Being Pressed To Death Was One Of The Grisliest Execution Methods In History

Published February 1, 2022
Updated February 3, 2022

For thousands of years, accused criminals were subjected to being pressed or crushed to death, most famously during the Salem Witch Trials of 1692.

Pressed To Death

Library of CongressIllustration of Giles Corey being pressed to death.

If you were sentenced to death by crushing, or getting pressed to death, you were in for an excruciating end. While strapped down, you would have intense weight placed upon you, bit by bit, until the weight literally crushed you to death.

One of the earliest examples of the execution method was found over 4,000 years ago in Southeast Asia, where a well-trained elephant would crush a disobedient prisoner. If you were lucky, the elephant would squash you like a bug. If you weren’t, the execution was slow and painful.

But whether the weight was applied by a human or a pachyderm, the result was still the same.

Pressing To Death Was Practiced In Almost Every Country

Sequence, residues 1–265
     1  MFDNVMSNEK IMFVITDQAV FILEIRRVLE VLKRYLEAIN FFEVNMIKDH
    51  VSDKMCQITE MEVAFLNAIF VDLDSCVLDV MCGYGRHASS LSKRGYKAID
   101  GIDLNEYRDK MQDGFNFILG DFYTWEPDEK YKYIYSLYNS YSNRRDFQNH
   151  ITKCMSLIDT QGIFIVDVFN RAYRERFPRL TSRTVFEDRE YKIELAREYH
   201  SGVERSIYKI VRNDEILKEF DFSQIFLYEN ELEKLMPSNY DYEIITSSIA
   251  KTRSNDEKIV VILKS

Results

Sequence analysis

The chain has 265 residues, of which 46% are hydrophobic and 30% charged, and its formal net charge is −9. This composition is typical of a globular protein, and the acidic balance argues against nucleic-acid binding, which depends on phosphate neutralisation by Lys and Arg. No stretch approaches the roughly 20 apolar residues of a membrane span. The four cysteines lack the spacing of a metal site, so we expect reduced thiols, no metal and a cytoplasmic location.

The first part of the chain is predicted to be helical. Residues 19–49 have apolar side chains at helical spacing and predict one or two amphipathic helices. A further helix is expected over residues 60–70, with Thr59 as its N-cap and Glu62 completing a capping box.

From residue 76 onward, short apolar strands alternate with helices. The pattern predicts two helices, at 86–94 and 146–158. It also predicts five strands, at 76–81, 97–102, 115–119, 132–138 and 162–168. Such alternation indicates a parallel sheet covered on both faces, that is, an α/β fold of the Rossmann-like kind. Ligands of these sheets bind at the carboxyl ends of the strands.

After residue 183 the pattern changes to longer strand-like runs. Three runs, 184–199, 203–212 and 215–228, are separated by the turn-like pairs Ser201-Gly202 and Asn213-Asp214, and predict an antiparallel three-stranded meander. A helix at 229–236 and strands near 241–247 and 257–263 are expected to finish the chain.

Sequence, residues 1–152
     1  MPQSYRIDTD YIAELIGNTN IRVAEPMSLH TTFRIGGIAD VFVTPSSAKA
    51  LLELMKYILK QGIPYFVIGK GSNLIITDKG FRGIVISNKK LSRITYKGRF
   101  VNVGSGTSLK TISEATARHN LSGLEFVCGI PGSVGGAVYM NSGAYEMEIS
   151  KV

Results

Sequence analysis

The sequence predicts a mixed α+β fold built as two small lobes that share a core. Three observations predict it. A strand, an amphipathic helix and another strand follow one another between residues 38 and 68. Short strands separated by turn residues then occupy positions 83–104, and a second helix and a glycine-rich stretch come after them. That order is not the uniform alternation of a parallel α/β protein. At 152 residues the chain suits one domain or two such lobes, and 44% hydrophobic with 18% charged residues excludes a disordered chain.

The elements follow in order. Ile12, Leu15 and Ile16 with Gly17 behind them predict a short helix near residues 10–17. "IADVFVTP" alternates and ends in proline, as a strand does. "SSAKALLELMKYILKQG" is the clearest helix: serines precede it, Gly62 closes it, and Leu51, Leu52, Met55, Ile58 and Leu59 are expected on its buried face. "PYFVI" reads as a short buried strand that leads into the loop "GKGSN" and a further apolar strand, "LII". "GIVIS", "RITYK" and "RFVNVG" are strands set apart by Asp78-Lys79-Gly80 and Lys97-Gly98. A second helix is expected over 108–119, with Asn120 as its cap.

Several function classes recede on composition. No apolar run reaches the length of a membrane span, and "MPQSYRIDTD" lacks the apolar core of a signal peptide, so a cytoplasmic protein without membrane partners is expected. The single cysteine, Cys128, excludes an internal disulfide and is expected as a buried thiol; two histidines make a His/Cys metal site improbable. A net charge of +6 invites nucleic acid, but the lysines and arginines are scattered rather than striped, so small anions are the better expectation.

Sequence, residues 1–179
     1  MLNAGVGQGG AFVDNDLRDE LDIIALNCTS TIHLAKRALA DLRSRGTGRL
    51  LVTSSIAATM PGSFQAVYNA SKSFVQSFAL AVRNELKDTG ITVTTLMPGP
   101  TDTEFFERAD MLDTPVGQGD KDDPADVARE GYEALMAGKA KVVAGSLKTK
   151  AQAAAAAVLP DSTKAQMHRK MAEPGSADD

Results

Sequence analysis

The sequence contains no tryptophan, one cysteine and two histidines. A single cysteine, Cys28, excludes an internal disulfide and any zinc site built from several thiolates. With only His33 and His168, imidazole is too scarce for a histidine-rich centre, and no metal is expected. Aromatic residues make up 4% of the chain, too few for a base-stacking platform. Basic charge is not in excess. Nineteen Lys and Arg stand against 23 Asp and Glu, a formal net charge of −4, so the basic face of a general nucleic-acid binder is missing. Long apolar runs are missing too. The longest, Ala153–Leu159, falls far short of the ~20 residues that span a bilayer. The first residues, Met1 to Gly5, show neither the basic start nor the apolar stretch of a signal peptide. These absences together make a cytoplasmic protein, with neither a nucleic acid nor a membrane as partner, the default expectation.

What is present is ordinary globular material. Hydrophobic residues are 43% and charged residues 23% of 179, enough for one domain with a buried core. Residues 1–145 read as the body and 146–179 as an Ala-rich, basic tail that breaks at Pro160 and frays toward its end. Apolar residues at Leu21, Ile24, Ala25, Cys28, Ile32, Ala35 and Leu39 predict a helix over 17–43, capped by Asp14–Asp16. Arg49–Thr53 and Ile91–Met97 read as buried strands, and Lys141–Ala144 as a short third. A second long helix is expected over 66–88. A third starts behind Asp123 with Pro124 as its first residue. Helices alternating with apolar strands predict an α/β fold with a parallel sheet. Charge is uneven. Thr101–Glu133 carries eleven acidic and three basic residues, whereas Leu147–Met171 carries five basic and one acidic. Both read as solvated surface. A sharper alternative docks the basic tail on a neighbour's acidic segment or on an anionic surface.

While there was anecdotal evidence of people being pressed to death in such countries as Persia (modern-day Iraq), Carthage (modern-day Tunisia), and ancient Rome, virtually every country in the world practiced crushing, or getting pressed to death, in some form or another.

In Southeast Asia — especially throughout India — crushing was practiced by elephants. The last recorded use of the practice was in 1914. The Carthaginians and ancient Romans used the practice, as well, with the latter remarking that elephants were preferred to lions and bears because they were more “intelligent” and easy to train.

But in Britain, the practice was used as torture. Whereas their Southeast Asian and Carthaginian counterparts would use the practice for a convicted criminal, England preferred to impose the sentence on the accused who refused to plead guilty or not guilty. It was the court’s hope that with enough pressure — literally — they would enter a plea.